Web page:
Tuesday, January 23, 2018
Chairs and Charts
It’s been a month this week, so I’ll focus instead on something positive.
We all know that chairs have legs. What many of us don’t know is that they sometimes develop the ability to walk. Particularly out of classrooms.
In one building, for reasons unknown, the chairs have been particularly frisky. From day to day, they turn up (or not) where they aren’t supposed to be. It would be cute, except that sometimes students need them for classes. Telling a student who may not be entirely sure about this whole “college” thing in the first place that there isn’t a seat for him isn’t a good look.
I can’t imagine that there’s a black market in relatively unforgiving classroom chairs. I’ve never been approached by someone in a parking lot in a trenchcoat with a bunch of chairs under it. They don’t seem to turn up on craigslist or ebay. Pawnshops aren’t overflowing with our chairs, as far as I know. It’s a mystery.
In a more perfect world, replacing chairs wouldn’t be much harder than ordering them. But budgets being what they are, “minor capital” is one of the first things to go.
That’s where other channels are useful.
Experienced admins know that most organizations have multiple org charts. There’s the official org chart with reporting lines; that’s important for the usual reasons. But there are also various unofficial ones.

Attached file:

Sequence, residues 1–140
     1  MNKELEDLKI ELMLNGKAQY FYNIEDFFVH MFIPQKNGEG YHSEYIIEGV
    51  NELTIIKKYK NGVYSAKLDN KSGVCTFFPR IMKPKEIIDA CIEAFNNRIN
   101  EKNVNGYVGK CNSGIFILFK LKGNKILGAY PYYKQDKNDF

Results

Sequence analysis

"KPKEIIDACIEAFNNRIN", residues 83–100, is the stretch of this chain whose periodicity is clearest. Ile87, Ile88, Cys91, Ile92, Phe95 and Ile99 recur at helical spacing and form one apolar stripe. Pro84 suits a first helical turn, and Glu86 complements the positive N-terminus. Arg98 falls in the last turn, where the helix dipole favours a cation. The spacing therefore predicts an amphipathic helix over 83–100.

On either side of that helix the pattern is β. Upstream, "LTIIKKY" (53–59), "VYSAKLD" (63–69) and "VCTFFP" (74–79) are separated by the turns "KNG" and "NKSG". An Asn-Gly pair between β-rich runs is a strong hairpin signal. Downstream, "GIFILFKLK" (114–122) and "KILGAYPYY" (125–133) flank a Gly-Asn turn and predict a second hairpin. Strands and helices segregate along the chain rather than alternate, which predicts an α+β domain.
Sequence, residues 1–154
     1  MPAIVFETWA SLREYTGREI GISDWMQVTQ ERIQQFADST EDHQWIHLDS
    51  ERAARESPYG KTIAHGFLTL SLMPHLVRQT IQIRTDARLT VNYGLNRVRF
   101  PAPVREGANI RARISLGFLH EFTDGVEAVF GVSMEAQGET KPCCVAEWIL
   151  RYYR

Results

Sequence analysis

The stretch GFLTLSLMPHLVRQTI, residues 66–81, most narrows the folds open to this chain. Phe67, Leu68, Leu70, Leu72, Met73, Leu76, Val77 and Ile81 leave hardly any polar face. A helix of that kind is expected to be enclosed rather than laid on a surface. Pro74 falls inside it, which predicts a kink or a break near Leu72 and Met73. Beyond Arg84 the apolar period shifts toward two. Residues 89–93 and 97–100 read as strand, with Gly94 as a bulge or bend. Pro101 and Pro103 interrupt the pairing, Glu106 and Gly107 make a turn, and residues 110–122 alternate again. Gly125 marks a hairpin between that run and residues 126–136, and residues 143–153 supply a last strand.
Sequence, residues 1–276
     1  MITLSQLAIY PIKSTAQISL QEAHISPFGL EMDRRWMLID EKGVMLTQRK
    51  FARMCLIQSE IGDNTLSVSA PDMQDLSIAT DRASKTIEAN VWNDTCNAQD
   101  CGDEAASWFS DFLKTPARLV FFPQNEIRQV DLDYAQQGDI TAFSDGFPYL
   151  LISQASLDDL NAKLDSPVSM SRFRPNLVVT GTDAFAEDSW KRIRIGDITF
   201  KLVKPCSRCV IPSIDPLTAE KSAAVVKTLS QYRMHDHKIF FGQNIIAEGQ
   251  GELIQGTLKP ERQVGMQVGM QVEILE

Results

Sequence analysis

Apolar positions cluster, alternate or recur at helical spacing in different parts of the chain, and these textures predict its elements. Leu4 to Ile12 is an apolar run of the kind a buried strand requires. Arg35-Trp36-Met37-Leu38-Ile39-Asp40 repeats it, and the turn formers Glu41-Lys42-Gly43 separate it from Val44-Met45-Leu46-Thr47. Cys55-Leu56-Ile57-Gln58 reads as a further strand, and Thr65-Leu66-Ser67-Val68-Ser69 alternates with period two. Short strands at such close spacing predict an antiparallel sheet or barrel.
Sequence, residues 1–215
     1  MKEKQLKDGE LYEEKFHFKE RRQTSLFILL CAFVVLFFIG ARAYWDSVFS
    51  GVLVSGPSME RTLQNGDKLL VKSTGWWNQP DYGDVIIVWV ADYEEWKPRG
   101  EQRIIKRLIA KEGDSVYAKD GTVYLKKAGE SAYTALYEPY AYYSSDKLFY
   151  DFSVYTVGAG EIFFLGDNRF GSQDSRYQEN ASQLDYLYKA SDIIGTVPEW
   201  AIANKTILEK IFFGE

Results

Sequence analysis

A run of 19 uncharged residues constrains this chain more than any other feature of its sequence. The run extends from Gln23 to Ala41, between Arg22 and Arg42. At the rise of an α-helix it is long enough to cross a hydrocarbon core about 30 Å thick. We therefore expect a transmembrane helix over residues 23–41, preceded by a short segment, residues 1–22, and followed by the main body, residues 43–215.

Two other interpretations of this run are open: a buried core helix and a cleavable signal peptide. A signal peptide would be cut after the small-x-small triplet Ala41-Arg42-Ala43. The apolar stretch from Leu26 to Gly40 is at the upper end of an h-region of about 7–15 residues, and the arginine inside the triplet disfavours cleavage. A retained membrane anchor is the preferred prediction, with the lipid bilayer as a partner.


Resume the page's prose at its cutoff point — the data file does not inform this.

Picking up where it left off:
Unofficial org charts tell you who is revered within the culture, who is connected to whom on a personal level, and who has otherwise-unsuspected abilities. It’s the informal knowledge that provides context for what might otherwise seem inexplicable, Some people have “tribal elder” status, and can carry messages that others can’t. Some are interpreters. Some are close personal friends with powerful people.
And some just know where chairs are. They’re able to summon them from the ether. You just have to know to ask.
Having asked the right person, stacks of chairs have appeared.
Unofficial org charts can take a while to discern. Sometimes you decipher them by accident, as when a seemingly rational move elicits a wildly disproportionate response. But sometimes they provide the extra knowledge that makes an apparent dilemma solvable.
I still don’t know where the chairs have been going, but a tip of the cap to the unofficial org chart for finding new ones. Sometimes help comes from unpredictable places.